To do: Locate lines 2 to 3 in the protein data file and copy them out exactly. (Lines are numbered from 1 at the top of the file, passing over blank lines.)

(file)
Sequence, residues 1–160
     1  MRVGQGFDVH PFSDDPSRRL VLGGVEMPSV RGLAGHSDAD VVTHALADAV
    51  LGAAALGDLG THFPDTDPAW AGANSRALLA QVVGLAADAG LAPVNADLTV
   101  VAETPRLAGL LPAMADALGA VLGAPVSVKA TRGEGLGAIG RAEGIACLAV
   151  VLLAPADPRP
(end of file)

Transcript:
     1  MRVGQGFDVH PFSDDPSRRL VLGGVEMPSV RGLAGHSDAD VVTHALADAV
    51  LGAAALGDLG THFPDTDPAW AGANSRALLA QVVGLAADAG LAPVNADLTV